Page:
Hello everyone,
First of all I would like to introduce myself, I'm tom and I spend hours developing websites.

Right, down to the serious stuff... I have made a nice little AJAX based commenting system, it shows the 5 latest posts, so, when a user posts a comment the list auto updates showing the latest 5 comments (including the new post the user just made).

Here is the problem. It works beautifully as expected in firefox, opera, safari and chrome, however, when it comes to IE... Nothing!

If I make the new comments that are refreshed a simple page that says "hi" it displays it, however, when I have the full code set which is meant to be shown when the DIV refreshes, it just disappears. This got me wondering whether IE has some sort of limit on how much it can display in a new DIV refresh? I am pretty sure its not a classic "IE caching error".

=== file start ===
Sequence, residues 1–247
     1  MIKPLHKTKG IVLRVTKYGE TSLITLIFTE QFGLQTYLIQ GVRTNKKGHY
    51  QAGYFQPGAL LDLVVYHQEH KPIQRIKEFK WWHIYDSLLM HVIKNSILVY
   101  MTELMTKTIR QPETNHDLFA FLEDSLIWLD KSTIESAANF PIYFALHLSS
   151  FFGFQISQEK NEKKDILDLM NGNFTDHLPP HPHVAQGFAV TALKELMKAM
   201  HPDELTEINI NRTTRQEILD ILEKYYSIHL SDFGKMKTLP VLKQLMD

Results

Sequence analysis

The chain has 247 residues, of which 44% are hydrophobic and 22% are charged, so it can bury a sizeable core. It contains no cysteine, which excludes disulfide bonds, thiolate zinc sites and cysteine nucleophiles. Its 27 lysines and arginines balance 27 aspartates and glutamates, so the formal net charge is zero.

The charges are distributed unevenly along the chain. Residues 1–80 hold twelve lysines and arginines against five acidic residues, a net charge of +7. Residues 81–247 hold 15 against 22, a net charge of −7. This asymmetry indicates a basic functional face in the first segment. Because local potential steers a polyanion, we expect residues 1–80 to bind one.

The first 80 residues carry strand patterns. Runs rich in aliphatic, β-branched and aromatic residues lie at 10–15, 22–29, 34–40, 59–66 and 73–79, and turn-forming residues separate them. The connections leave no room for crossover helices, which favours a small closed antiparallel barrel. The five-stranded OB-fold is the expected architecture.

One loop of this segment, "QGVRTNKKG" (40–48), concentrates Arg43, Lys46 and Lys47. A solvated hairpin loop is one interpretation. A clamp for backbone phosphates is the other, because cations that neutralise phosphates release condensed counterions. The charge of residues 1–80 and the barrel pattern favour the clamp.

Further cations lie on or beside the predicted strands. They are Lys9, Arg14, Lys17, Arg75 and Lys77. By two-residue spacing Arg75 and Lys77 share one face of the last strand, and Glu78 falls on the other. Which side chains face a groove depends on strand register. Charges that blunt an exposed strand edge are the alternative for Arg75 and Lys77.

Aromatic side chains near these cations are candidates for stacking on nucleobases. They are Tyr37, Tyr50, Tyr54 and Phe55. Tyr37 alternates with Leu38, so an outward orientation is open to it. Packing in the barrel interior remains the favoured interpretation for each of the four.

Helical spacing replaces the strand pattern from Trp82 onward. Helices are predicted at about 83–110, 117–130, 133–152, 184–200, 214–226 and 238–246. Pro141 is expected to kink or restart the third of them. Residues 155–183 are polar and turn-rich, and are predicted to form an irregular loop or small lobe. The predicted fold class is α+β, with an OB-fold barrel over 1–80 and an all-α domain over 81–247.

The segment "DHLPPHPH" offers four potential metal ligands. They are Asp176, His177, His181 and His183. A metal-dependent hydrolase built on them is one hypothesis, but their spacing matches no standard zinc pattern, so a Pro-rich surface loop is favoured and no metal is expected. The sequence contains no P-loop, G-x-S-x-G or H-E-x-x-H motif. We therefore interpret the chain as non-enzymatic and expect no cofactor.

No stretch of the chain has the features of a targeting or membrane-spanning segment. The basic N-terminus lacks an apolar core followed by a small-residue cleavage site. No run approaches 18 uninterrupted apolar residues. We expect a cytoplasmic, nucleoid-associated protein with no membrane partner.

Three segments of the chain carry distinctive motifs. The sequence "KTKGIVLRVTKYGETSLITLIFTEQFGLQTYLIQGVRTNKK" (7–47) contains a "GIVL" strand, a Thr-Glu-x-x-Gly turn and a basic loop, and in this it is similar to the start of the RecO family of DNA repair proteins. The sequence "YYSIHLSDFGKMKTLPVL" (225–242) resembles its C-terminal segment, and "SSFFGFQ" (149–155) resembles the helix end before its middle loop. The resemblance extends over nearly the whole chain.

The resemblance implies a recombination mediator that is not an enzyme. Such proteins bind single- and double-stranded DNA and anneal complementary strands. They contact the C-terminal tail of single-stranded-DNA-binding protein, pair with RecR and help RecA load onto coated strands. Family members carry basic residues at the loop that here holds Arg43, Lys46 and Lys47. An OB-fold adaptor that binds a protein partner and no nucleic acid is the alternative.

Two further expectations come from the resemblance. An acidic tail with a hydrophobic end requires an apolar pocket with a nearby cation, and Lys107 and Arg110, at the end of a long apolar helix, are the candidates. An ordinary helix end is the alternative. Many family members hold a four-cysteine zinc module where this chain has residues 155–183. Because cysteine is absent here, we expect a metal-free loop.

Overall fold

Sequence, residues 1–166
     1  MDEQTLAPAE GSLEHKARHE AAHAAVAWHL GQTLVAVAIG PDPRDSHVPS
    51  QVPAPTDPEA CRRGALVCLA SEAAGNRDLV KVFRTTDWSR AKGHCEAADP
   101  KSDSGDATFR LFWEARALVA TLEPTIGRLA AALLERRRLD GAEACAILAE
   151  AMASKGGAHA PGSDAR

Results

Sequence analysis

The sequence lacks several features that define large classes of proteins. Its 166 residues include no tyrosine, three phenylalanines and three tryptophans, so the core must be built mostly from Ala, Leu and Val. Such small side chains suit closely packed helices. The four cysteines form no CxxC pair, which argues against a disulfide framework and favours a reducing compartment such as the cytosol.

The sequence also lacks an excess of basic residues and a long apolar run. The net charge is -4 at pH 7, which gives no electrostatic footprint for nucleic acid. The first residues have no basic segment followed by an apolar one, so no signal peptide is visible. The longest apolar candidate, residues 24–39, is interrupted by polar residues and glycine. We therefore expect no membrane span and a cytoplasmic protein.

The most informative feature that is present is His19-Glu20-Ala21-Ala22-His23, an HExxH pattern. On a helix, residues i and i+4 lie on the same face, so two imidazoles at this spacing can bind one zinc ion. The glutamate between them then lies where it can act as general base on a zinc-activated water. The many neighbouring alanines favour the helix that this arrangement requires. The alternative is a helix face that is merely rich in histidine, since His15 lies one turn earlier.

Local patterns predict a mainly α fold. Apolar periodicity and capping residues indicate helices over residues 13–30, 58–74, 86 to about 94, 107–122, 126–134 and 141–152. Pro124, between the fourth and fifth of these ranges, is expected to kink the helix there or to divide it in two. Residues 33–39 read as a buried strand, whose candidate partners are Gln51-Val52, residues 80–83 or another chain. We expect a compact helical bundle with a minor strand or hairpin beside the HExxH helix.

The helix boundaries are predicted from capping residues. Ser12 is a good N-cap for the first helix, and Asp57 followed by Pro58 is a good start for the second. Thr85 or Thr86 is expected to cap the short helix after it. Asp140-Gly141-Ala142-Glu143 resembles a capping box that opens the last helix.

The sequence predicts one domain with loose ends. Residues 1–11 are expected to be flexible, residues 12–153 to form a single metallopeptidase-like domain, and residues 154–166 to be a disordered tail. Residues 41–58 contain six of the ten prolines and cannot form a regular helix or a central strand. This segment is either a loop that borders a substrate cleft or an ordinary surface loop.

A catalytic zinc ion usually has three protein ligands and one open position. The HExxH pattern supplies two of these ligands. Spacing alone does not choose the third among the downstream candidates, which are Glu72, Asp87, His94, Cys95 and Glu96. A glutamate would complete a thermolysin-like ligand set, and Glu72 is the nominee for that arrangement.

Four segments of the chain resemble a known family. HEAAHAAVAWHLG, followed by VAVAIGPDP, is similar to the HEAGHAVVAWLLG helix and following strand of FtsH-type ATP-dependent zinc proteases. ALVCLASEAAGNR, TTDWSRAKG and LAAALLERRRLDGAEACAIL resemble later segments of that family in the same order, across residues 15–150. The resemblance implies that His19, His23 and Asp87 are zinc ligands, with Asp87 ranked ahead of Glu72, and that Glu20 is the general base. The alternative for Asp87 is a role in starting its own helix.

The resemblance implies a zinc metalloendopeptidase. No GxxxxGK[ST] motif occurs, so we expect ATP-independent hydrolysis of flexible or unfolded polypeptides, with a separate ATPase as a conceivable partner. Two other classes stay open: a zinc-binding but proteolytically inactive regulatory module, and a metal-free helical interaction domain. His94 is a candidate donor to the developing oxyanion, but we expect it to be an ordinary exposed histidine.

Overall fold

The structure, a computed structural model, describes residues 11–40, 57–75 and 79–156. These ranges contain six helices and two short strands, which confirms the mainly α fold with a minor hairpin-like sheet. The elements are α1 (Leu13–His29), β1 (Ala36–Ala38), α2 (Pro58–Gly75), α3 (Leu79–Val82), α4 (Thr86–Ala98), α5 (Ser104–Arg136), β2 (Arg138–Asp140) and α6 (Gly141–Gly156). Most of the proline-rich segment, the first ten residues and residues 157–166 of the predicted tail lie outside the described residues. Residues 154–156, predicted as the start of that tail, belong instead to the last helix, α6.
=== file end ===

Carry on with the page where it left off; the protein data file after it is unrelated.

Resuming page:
Any help or suggestions will be very appreciated.

Toms ace,

IE has no such limit.

There must be something in your ajax response handler that is incompatible with IE.

If a javascript error is thrown - lucky you - track down the line number.

If it's a silent bug, then you need to run some tests.

If the response handler is not too long then post it here.


Thanks Airshow for the response.

I turned error displaying on in IE and it just mentions the submit button on the form, the current submit button is a linked DIV rather than an actual <input type="button"> button.

As mad as it sounds could this be the case? Or is this simply another thing to look at another day?

If this is the problem, I don't see why it still loads the new DIV when I just insert a small piece of text to reload.


Hey, I have managed to solve the problem...

Just to let you and everyone else know it was a simple case of one too many </div>'s.
I never knew this could be an issue that would affect the AJAX loading but there we go.

Thanks for the help,


Wow, I wouldn't have guessed that either. And the problem only manifest itself in IE!

For the record, Notepad++ is good for helping spot unbalanced tags (and brackets etc. in code). It automatically highlights tags and their attributes as the insertion point is moved. An extra </div> would fail to highlight and you would know something was wrong.

But well done indeed for spotting the extra </div> without assistance.